Conversion Rate Optimisation (CRO) is a common term within the eCommerce and digital industry and a lot of businesses claim to be implementing it, with lots of agencies claiming to be experts in it. But just what does it mean and how can you ensure you really are engaging in effective CRO? Here to investigate is Tom Johnson, the Head of Marketing at The Filter, who has nearly ten years experience in marketing and digital.
Put simply, Conversion Rate Optimisation is all about designing and continually optimising your online presence (mostly focusing on your website) to ensure that users perform the key action that you want them to. For eCommerce sites 99% of the time that key action is going to be a purchase and for service sites then it could well be a form completion for lead generation.
Saying you are carrying out CRO is one thing, but what sort of things should you actually be doing?
People define User Experience (UX) or Customer Experience (CX) in different ways, but when you are designing and building your digital space in the first place, you need to ensure that a good “experience” for visitors for the site has been considered. And that good experience needs to have the goal of a conversion at the end of it.
A well-designed web presence should consider things like simple, intuitive navigation, smooth user journeys, no dead ends and clean, easy to use action points like buttons, forms or content viewing areas. But designing your site with a good experience in mind is fine, but you can’t then just assume that when it goes live the job is done and that everyone who lands on the site will have a good experience. Every user to your website is different, they have different needs, different behaviours and different aims.
Therefore, your CRO work doesn’t end when your site has gone live.
You may be confident in the UX of your website and digital presence, but you can only really know whether it is working when people begin to interact and use your site, that is the moment that CRO really begins. Continual optimisation of your site is imperative to continuous improvement and achieving those all-important marginal gains that can make such a difference to both the experience of your customers but also your bottom line.
So, what can you do to continually optimise your site?
User testing – there is nothing better than getting feedback from the people who use your site. Recruit a number of people who either are your customers, or fit their profile and then interview them about your site and their experience of it, as well as observing how they interact with it in real time.
Use monitoring tools – User testing is fantastic, but you will tend to only be able to speak to a small sample group. Why not implement monitoring tools on your site which will be able to observe the behaviour of all of your visitors and produce useful things like heatmaps, click flows and video recordings of how they interact.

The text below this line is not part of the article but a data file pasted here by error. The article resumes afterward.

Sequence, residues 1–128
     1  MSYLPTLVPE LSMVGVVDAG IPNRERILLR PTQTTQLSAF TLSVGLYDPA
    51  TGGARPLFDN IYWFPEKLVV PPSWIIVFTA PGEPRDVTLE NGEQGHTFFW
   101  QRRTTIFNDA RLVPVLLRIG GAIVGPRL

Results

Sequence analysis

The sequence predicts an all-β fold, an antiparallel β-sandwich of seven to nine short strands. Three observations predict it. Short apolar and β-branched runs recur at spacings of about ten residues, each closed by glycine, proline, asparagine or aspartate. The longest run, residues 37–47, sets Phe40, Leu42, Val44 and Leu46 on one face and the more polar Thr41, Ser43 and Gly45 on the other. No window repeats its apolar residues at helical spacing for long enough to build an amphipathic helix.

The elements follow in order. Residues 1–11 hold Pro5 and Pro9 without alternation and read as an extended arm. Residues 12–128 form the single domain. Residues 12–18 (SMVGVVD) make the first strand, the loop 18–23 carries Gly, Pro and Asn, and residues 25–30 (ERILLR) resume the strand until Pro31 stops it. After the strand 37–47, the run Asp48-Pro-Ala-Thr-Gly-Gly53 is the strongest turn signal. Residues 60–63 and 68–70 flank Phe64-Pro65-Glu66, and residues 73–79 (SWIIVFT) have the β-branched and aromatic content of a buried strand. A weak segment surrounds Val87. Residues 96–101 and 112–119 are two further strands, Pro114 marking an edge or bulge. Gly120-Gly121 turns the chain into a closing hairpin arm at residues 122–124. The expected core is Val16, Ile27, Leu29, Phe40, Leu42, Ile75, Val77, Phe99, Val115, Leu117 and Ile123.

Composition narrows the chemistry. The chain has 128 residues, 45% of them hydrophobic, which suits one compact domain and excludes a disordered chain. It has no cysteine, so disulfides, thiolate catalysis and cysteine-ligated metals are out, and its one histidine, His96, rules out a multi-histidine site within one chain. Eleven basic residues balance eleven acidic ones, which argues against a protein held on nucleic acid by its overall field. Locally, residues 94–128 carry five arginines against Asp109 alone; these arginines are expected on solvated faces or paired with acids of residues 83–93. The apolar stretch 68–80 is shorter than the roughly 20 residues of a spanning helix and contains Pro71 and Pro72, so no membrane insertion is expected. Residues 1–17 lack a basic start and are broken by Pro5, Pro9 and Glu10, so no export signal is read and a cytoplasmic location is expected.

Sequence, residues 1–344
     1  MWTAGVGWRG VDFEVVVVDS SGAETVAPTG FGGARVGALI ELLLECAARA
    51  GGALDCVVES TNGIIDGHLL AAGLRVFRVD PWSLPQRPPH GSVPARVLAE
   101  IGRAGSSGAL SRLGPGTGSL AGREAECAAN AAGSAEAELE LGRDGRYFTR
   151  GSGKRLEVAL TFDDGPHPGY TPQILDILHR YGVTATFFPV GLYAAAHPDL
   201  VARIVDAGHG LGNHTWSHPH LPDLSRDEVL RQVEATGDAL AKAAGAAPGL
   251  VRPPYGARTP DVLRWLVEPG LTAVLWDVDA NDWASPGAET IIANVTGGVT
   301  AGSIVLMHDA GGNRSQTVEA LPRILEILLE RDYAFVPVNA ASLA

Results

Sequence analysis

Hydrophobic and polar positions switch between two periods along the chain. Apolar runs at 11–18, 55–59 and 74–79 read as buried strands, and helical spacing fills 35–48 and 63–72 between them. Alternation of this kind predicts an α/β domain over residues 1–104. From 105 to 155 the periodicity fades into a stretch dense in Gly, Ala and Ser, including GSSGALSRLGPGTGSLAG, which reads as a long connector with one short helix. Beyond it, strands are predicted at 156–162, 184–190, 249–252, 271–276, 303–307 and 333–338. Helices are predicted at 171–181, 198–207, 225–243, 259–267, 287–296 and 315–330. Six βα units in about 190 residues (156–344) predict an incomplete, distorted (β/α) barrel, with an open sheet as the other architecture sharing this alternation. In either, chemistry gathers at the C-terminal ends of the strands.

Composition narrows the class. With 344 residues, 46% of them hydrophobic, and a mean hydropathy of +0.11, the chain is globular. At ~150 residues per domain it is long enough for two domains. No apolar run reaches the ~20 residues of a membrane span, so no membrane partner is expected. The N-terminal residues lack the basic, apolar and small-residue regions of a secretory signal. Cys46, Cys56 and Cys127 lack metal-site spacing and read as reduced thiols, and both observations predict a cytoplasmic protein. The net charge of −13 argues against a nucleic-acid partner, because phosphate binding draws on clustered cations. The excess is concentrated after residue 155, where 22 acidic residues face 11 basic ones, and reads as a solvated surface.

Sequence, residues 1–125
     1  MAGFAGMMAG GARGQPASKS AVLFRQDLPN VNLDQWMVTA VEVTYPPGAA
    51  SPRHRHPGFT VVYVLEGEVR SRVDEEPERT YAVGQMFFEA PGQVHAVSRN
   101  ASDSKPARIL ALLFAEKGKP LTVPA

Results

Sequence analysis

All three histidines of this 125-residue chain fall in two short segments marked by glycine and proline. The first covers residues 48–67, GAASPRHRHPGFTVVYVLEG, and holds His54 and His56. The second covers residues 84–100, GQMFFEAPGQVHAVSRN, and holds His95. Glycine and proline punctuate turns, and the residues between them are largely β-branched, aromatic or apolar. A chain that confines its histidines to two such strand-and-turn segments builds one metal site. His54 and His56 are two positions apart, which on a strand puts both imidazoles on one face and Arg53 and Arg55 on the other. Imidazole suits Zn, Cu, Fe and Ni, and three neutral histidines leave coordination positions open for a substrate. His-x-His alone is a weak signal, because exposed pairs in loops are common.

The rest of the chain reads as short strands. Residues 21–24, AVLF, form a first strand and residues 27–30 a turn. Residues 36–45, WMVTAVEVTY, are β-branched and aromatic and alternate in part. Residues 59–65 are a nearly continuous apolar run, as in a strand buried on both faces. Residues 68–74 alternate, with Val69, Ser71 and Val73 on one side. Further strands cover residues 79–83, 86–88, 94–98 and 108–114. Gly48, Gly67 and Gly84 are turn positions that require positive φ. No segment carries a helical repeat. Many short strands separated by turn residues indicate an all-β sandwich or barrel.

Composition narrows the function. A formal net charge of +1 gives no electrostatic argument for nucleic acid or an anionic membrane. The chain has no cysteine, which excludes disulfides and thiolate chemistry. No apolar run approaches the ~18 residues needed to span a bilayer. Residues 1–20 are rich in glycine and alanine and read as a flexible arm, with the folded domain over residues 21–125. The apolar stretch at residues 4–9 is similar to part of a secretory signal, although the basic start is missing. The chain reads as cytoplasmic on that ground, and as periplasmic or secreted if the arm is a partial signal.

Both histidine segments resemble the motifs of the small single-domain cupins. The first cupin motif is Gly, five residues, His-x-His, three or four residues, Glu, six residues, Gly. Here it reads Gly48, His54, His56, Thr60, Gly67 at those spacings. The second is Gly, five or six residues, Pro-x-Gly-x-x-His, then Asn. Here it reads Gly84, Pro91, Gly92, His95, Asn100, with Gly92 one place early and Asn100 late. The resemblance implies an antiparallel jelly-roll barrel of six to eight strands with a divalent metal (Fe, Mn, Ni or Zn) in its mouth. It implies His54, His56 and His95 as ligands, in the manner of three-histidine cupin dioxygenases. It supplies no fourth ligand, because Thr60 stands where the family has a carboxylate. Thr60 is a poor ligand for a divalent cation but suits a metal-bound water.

Test, test and test again – A/B and multi-variant testing is incredibly powerful in identifying marginal gains on your website. You can start simply and then get as complex as you like. The smallest thing can make a difference, like testing the colour of a Buy Now button to what language you use.
Finally, and most importantly…
You can do all the above that I have discussed and have confidence that you are doing as much as you can to ensure the experience for customers on your site is as good as it can be, but all of your customers are different and therefore why should all of the content they see be the same? Personalising the experience for customers is the final and most important step in a truly successful CRO strategy.
Your site can look fantastic, navigate well and have been A/B tested within an inch of its life, but if a user lands on your site and had at their last visit 4 days ago purchased say, a navy jumper in a size medium, then if your site doesn’t recognise that as past behaviour the experience you give them is a complete lottery. You may have a generic home page banner advertising 20% off that range of jumpers, which is unlikely to appeal to them now, you won’t be able to show them items that you know are in stock and in size.
Ultimately, a completely impersonal on-site experience is not a good experience and therefore is going to affect a customer’s chances of converting. Through machine learning, you can understand the behaviour and characteristics of each individual customer that hits your site and then customise their experience for them. You might show them content relevant to their taste profile, you can ensure you only show them products in stock and in their size, you might show them products that people have bought who have bought the same items as them.
You can have as much confidence in the design and UX of your site as you like, but ultimately if the experience is the same for all your customers, it won’t be a great experience of any of them.
Personalisation through a machine learning platform that plugs into your site like ours at The Filter, allows for each individual customer to have a completely unique and personal experience on your site, increasing the likelihood of them converting.
To find out how you could take your CRO strategy further through personalisation, please get in touch with us at The Filter.
The Filter is an industry-leading provider of machine learning and CX solutions for eCommerce and the retail sector; specialising in shoppable content, journey optimisation and personalised recommendations.
Get the latest eCommerce news, reviews and expert advice in your inbox.